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collections showed the growing interest in the
old ballad literature; and we may be sure
that Lady Wardlaw and John Pinkerton
were not the only folks who tried their wits
in imitation of the old popular style.  "I
am aware," owned Norval Clyne, the most
uncompromising upholder of the antiquity
of ballads declared to be modern, "I am
aware that one or two literary scapegraces
supplemented to a trifling extent Peter
Buchan's genuine recoveries with some
antiques of their own manufacture." In the
following year, 'twenty-nine, Mr. Robert
Chambers produced two volumes of Scottish
Ballads collected and illustrated; opening his
budget with Sir Patrick Spens. Ten years
later there appeared a new edition in six
volumes of James Johnson's Scots Musical
Museum, to which Burns had been a contributor.
It had notes and illustrations by the
late William Senhouse with additions by Mr.
David Laing, and here appeared for the first
time the heretical suggestion that the much-
praised ballad of Sir Patrick Spens was by
the same hand that wrote Hardyknute.
After another twenty years, in eighteen
'fifty-nine, when Professor Aytoun's
collections of the Ballads of Scotland appeared,
Mr. Robert Chambers published, in one of a
little series called Edinburgh Papers, which
he was then issuing, a tract on The
Romantic Scottish Ballads, their Epoch and
Authorship. Herein he argued that Lady
Wardlaw was the author not merely of two
ballads but of two dozen. This was putting
the old moon into the new moon's arms with
a vengeance

Ohon, alas! says Patrick Spens,
That bodes a deadly storm.

The storm blew straightway from a return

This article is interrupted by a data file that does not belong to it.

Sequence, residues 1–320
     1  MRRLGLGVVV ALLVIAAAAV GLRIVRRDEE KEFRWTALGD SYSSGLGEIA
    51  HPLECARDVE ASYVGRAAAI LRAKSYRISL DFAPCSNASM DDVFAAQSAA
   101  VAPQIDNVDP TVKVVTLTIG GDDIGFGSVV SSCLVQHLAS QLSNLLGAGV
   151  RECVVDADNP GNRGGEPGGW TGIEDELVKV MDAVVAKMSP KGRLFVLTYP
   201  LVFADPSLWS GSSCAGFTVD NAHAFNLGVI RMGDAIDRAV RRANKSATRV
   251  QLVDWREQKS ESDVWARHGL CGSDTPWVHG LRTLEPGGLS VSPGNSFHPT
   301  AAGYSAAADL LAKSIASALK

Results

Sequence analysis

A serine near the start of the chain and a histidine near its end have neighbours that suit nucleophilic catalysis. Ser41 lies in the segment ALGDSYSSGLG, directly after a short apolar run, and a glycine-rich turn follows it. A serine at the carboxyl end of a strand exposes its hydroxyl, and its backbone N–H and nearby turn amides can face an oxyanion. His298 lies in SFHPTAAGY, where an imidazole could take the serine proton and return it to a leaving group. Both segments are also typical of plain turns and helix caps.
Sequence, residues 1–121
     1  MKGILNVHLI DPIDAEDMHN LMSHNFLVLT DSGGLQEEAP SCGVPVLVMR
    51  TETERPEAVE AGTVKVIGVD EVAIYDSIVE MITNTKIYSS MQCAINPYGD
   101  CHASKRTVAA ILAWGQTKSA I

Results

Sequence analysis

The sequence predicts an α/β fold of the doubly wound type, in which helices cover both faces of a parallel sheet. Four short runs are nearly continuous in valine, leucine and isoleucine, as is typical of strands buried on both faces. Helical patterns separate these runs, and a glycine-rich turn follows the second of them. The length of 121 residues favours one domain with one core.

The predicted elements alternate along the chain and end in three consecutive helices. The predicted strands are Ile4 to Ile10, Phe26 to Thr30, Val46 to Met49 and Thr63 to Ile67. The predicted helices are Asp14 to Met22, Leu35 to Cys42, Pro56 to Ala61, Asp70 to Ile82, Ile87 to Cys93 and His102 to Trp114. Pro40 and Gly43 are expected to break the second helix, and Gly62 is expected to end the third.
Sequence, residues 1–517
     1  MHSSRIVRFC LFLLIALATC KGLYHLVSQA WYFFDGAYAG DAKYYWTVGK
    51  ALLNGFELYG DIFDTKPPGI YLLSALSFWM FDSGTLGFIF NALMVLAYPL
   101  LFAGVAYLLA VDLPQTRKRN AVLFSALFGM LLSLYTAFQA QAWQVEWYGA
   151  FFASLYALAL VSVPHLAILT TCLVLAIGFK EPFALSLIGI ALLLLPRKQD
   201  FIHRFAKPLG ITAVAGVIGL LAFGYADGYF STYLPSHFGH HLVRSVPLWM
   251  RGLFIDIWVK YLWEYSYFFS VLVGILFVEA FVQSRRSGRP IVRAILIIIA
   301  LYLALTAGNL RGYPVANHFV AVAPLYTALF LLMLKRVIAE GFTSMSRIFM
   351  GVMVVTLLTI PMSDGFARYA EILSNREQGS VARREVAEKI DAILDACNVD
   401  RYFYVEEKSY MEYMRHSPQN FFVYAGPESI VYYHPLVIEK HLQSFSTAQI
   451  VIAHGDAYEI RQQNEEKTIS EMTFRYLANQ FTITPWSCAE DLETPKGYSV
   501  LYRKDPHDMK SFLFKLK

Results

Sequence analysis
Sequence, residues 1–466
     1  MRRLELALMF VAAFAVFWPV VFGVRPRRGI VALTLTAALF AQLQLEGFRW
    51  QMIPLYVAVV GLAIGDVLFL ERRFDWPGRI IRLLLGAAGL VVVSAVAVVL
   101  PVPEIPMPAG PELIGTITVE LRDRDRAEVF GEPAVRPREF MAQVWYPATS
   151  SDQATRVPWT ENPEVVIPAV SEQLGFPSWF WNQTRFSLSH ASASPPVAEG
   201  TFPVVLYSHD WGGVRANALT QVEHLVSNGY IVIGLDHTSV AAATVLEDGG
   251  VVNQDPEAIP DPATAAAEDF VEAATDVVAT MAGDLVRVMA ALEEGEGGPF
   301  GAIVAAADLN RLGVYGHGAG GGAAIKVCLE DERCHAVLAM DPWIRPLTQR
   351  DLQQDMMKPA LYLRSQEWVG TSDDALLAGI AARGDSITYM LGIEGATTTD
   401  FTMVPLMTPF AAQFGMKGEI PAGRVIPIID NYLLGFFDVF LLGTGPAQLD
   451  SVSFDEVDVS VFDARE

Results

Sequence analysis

pamphlet by Norval Clyne on The Romantic
Scottish Ballads and the Lady Wardlaw
Heresy. But since that time the Lady
Wardlaw Heresy has spread, and the
antiquity of some of the best Scotch ballads,
if not disproved, is at least in question.
Mr. Maidment is vexed. He candidly
gives up Hardyknute to the lady, only
supposing that she may have based it on lines
of an old ballad which she had heard. But
he hints that perhaps it is not much to give
up. Sir W. Scott did, indeed, write on a
flyleaf of Ramsay's Evergreen, "Hardyknute
was the first poem I ever learntthe last
that I shall forget." But, on the other hand,
Professor Aytoun esteemed it a poor
performance and would not include it in his
charming collection of Scotch ballad poetry.
"We believe," says Mr. Maidment, "that
with the ordinary devourers of this species
of literature it was never popular. During
a long course of years we have never had
the luck to pick up a stall copy; the
Flying Stationers, the best judges of what
suited their customers, not considering it
an eligible republication." Let Hardyknute
go then; but not Sir Patrick, not
the other poems. It is very suggestive
that Mr. Maidment's new collectionthe
last and best of Scottish Ballads and Songs,
opens with Hardyknute and Sir Patrick.
Whoever wishes to know all the pros and
cons of the question, should turn to those
two little publications of ten years ago, Mr.
Robert Chambers's tract in the Edinburgh
Papers, and the reply of Norval Clyne.
Victory inclines, we think, to the side of Mr.
Chambers. But if so, what then? Is a
good ballad the less good for not being old?

There is reason to believe that we owe
many of the best ballads of the North of
Europe, ancient or modern, to the wit of
cultivated women. Of such poems in
Denmark, found in manuscripts three hundred
years old, Dr. Prior writes, in the
introduction to his translation of the Ancient
Danish Ballads, "One thing only is pretty
clear, that in great part they are the
composition of ladies. The manuscripts in
which they are preserved are almost every
one of them in female handwriting, which
alone might lead us to expect that females
had composed them." And he adds the
reasons from internal evidence, "which
justify us in admitting the conclusions to
which Oeblenschl├Ąger, N. M. Petersen, and
other Danish critics have arrived, that we
are indebted for most of them to the ladies."
So it has been, doubtless, with the northern
ballads of this country. And there is no
reason why it should dishearten us to know
that this one of the feminine gifts and
graces had not by any means died out at the
beginning of the eighteenth century. Nor
was it extinct when Lady Nairne wrote The
Land of the Leal, or when Lady Barnard
wrote Auld Robin Gray. There must be a
wrong twist in the way of study that would
lead any one to fancy this a grievance.


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issuing from the earth endowed with